Our second trip was a one-way journey from Florida to New York. We stopped at some nice campgrounds along the route, and with the larger RV, we were able to bring our inflatable kayak (we flew home from NY with our kayak in a suitcase). We stopped to visit friends and family from Atlanta to Long Island, and had an RV change in Virginia when our fridge stopped working.
Trip #3 Itinerary:
This rental was close enough to home that we were able to load and unload from our house, which was ideal. The objective of this trip was to explore some of the amazing fresh water springs around Florida, so our campsites were chosen to be close to springs. We visited 8 springs, all of which I would easily recommend! We planned to kayak the Weeki Wachee river on our first stop, but the weather didn’t cooperate, so we returned to Mary’s Fish Camp at the end of the trip and we are so glad we did. We saw a ton of manatee on the river!
RV Lessons Learned:
- As mentioned above, research your campsite and MAKE RESERVATIONS!
- Don’t be shy about asking a lot of questions before you drive away, especially your first time. I was so focused on understanding the levels panel (which is so easy), that I didn’t pay much attention on how to operate the heat and water heater. Our first night of camping got quite cold and we didn’t know how to operate the LP heat in our camper. It took a few days before we realized that we could connect our RV to fresh, forced water at the water hook-up. We thought the water was there to fill our fresh water tank! The good news is that most RVs operate similarly, so once you’ve learned the ropes on one RV, it will be pretty much the same on the others.
- Dumping your tanks (black = toilet, grey = sinks) is a part of RV life you will have to live with, but fortunately, it’s not horrible if you do it correctly and you’re careful. Have disposable gloves, and always make sure your tank valves are closed before you remove the cap! We saw an experienced RV employee forget this step and got an unpleasant surprise when a previous customer forgot to empty his tank. Also, if your campground doesn’t have a dump site, you will want to locate the closest one. We found that some gas stations have dump stations.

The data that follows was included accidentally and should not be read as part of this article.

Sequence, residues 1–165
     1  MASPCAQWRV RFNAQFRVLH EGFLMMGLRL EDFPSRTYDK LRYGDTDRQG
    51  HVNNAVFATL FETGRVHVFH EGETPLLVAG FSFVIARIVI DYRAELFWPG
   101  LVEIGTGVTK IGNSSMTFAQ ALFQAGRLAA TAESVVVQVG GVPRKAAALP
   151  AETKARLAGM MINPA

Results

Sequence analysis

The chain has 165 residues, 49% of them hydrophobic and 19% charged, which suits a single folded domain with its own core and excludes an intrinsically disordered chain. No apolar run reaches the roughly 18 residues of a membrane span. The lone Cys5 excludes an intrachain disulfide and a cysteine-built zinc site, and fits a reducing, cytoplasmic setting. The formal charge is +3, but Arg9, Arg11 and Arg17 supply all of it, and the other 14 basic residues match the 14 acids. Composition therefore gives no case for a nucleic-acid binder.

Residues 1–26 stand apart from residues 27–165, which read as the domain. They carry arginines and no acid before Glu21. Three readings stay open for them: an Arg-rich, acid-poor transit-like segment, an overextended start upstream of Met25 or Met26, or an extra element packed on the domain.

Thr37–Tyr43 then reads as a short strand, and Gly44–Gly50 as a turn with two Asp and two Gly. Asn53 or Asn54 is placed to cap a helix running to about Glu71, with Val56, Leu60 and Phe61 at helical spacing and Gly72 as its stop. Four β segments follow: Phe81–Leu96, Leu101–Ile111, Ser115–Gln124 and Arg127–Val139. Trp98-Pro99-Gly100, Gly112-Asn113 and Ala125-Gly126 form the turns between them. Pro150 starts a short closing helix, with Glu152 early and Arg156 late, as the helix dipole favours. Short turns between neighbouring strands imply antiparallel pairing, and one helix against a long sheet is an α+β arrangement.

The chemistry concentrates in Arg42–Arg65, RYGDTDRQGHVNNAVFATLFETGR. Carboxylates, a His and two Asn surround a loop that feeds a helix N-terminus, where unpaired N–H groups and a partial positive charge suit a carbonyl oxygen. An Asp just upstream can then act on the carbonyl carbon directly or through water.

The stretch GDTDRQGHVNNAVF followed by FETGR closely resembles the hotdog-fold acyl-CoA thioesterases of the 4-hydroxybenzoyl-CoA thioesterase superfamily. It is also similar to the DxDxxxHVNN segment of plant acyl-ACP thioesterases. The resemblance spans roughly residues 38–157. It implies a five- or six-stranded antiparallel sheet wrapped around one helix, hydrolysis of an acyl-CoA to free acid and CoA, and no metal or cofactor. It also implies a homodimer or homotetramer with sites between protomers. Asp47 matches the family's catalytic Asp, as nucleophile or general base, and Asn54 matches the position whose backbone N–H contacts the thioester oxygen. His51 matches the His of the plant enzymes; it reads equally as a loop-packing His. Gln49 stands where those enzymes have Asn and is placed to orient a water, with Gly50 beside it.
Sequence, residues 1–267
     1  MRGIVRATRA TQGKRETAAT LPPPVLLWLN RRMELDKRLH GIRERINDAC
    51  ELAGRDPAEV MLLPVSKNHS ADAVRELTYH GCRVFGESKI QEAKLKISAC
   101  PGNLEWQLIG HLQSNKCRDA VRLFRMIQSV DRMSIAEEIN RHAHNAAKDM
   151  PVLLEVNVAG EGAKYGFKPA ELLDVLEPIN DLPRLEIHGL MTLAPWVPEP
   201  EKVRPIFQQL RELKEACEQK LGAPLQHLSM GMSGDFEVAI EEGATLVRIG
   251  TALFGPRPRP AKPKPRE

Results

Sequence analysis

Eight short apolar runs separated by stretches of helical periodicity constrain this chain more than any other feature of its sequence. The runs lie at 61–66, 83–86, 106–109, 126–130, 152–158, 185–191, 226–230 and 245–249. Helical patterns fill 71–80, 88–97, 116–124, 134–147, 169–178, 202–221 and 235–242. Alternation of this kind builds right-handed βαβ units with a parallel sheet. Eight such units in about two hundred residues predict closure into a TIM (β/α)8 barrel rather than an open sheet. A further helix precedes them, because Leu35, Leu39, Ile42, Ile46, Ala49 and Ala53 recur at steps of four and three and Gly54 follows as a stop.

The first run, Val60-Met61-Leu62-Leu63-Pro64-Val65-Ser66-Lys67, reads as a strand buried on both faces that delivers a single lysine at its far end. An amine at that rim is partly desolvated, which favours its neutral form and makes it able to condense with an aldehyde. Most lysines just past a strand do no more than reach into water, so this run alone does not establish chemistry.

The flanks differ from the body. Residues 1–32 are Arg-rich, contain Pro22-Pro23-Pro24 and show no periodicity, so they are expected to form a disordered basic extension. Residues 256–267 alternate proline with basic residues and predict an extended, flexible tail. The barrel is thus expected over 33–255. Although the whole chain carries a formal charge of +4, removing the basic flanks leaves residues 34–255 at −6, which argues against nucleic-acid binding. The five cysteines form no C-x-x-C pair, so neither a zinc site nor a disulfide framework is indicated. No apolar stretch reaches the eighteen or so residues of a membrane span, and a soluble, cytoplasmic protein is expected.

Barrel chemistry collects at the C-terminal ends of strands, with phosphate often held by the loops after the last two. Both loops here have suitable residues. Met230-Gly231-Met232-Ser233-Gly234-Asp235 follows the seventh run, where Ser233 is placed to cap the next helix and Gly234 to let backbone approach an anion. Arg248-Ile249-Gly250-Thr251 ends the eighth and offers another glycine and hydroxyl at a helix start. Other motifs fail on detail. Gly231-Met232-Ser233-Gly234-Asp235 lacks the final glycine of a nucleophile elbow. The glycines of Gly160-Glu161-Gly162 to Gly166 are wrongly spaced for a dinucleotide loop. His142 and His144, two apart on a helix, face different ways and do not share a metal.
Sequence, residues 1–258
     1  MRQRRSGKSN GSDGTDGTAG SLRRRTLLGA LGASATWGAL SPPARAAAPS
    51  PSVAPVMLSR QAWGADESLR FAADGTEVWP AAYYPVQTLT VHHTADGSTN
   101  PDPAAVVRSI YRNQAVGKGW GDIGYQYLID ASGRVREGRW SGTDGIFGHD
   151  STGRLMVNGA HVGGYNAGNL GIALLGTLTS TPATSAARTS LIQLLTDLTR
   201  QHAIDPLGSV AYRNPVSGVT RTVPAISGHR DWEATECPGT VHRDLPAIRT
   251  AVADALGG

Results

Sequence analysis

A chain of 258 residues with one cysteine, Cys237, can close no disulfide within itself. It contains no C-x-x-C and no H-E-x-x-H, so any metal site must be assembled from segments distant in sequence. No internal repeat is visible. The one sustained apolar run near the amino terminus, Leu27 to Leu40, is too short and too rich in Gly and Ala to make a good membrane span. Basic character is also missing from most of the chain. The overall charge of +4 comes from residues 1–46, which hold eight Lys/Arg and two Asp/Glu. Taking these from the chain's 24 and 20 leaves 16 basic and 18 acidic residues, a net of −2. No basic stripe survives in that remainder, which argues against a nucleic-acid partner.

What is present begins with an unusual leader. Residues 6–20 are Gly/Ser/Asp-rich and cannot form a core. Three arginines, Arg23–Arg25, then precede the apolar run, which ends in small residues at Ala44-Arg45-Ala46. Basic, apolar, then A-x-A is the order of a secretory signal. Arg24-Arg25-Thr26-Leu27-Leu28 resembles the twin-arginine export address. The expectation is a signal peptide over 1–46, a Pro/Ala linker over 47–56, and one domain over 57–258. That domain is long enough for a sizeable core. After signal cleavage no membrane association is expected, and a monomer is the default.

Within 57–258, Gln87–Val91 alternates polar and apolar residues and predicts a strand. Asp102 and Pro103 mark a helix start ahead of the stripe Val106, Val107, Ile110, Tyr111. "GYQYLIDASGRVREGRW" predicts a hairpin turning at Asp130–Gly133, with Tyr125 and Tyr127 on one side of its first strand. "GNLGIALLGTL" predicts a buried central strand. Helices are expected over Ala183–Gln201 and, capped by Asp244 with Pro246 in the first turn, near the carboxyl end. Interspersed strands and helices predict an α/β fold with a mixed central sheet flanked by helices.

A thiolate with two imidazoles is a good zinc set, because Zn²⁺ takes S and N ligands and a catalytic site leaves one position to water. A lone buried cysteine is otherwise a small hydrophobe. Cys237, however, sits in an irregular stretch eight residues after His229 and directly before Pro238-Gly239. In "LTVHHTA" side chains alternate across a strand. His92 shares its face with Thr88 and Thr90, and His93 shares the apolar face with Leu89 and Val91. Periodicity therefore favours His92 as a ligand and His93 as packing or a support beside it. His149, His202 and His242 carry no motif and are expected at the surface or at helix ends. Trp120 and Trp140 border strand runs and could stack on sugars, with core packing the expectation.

- Your refrigerator is going to be very important so you need to understand how to make sure it’s working its best. Most RV refrigerators have three power sources (electric, LP, and battery) and you need to know when and how to use all three. Also, as mentioned previously, if your RV isn’t level, it could disrupt your refrigerator. We learned this lesson the hard way. During trip #2, one of our campsites wasn’t level and our fridge crapped out. Cruise America was unable to repair it and we had to swap RVs mid-trip.
- Do not assume you will be able to cook on your grill or firepit every night. We encountered a fire-ban during the first few days of trip #1 and I realized all the meals I planned involved cooking on a fire. Cooking in the RV is fine for small meals, but I eventually got tired of preparing meals in a small space, and cleaning lots of dishes. Be prepared to eat sandwiches a few nights.
- Washing dishes in a bucket is messy and a nuisance. We quickly learned the value of biodegradable disposable plates and cooking in disposable foil pans.
- Keeping dirt and dust out of the camper was crucial. We went to the dollar store and bought a couple outdoor and indoor mats to keep dirt at bay. Shoes were banned from the camper, and you quickly learn how to minimize your trips in and out of the vehicle (which also helps keeps bugs out).
- You might have a shower in your RV but it’s so small it might not be worth the trouble of draining your fresh water tank and filling your grey water tank. Most good campgrounds have bathing facilities; be sure to bring shower shoes or flip flops. We were surprised at how quickly the black and grey tanks fill up. If you are connected to a sewer hookup, it’s not an issue.
- Level indicators don’t always work! If you’ve been flushing your toilet for days and your black water is still only at ½ full, you might have a faulty indicator or sensor. If your black water tank gets overly full, the black water (sewage) will back up in to your toilet which isn’t fun.
- If you don’t know how to do something or where something is, ask your fellow campers. We found that most were a lot more experienced than us, some even lived in their camper part or full time.
I hope this information helps you have a fun and enjoyable RV trip, and as always, I welcome your feedback in the comments section!